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What is an Addiction?

By: Jo Johnson - Updated: 15 Jan 2013 | comments*Discuss
 
Addiction; Need; Control; Craving;

Addiction can be very difficult to define as the term is highly over-used in everyday conversation. It is a very complex illness and could be described as a dependence on a substance or behaviour that affects physical psychological and emotional well-being.

An addiction usually carries cravings and symptoms of withdrawal if the habit is made inaccessible, and the seriousness of this extends to friends, family, colleagues and employers of the addict.

Some people can participate in an activity or use a substance regularly without becoming addicted, think how many times people drink alcohol or have sex and there is no fear of becoming addicted; when these things cannot be done there are no symptoms of withdrawal or cravings. For others, issues of control, dose and frequency become the driving force of their lives. No person sets out to become an addict of anything but sometimes one single experience can be all that is needed for a person to desire the substance or behaviour again. That said, most addictions develop over a period of time, when the dose needs increasing in order to achieve the desired effect, or the frequency needs intensifying for the same reason.

A person may have a genetic predisposition to becoming an addict, have poor coping mechanisms or succumb to social groups and peer pressures; if these are all characteristics of a person, an addiction can develop very easily.

For many experts, addiction can take on two forms, either a physical dependence or a psychological dependence. Some professionals believe these to be intertwined and cannot be differentiated.

Physical Dependence

This usually occurs when the addiction is to a substance that over time has altered the biology of the body so that the substance is now needed to maintain a general level of being able to exist. Physical dependence is especially noted in those with addictions to opiates, alcohol and nicotine, and physical symptoms of withdrawal will be experienced if the substance is declined or withheld.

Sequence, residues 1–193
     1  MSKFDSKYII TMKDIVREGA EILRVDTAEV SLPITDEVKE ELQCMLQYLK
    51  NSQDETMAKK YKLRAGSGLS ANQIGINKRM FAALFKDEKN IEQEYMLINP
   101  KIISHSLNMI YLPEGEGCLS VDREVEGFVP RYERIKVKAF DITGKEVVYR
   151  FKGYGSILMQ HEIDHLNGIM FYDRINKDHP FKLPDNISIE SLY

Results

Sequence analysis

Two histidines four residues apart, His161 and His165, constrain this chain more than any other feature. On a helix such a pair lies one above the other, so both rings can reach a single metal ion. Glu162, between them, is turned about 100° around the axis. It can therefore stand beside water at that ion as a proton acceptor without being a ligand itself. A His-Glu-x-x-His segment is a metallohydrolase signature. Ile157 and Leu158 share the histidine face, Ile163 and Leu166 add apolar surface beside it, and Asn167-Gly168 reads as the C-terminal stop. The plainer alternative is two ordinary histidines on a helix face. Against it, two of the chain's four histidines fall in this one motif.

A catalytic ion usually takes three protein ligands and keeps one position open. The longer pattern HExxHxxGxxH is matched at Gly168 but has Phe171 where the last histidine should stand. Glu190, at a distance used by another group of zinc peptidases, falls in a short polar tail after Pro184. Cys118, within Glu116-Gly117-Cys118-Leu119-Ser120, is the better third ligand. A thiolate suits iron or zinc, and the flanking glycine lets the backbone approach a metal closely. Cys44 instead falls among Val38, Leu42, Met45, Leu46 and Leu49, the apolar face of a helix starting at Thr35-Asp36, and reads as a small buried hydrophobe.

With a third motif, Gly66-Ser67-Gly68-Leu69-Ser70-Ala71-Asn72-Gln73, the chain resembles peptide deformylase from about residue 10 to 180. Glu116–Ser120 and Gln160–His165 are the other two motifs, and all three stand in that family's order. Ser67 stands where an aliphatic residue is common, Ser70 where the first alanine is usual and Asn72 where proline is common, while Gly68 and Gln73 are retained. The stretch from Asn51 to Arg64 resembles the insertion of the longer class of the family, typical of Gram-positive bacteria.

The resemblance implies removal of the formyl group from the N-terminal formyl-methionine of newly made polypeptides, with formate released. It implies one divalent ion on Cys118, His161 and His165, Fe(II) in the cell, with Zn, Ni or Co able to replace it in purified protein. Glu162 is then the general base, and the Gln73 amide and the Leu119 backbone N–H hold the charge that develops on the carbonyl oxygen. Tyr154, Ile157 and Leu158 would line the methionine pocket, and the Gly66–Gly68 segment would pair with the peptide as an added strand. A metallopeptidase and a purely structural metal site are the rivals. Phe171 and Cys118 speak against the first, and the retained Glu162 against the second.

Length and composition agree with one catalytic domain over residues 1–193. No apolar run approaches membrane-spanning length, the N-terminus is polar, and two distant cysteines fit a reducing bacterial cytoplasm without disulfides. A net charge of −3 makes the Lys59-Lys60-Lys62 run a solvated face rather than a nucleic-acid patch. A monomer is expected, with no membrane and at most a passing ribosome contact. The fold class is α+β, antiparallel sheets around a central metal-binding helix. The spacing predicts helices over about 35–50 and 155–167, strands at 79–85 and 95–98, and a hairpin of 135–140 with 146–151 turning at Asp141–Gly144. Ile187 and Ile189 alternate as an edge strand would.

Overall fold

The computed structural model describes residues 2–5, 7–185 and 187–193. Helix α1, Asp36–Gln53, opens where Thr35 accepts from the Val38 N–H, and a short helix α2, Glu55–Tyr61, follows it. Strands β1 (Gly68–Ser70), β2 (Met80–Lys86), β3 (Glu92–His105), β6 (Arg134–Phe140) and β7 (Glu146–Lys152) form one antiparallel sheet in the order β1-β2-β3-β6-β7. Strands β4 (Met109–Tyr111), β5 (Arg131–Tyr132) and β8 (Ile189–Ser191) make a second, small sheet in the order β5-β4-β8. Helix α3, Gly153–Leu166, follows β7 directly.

Some substances may cause users to develop a physical dependence, but are not deigned to be addictive; medications such as those are needed for illness that alleviate symptoms that would otherwise return fall into this category.

Psychological Dependence

This category is not only for substance abuse, but applies to those addicted to compulsive behaviours also, addictions such as gambling, sex and self-harm can all cause a person to become psychologically dependent.

Psychological dependence occurs when a person has issues that affect their mental health when a substance or behaviour is withheld or made inaccessible.

Symptoms such as cravings, irritability and anxiety are all common indicators of a person’s psychological dependence.Of course with many addictions addicts can usually experience a degree of both of these categories and often physical symptoms will need treating before the psychological aspects can be addressed.

Overall, addiction can be defined as a disorder where loss of control, a need to continue the behaviour or substance and a preoccupation with the habit forms the greater part of the person’s life.

Addiction is a complex illness and experts continue to find ways of tackling the issues surrounding it and discovering ways in which the person and those around them can manage their problems adequately.

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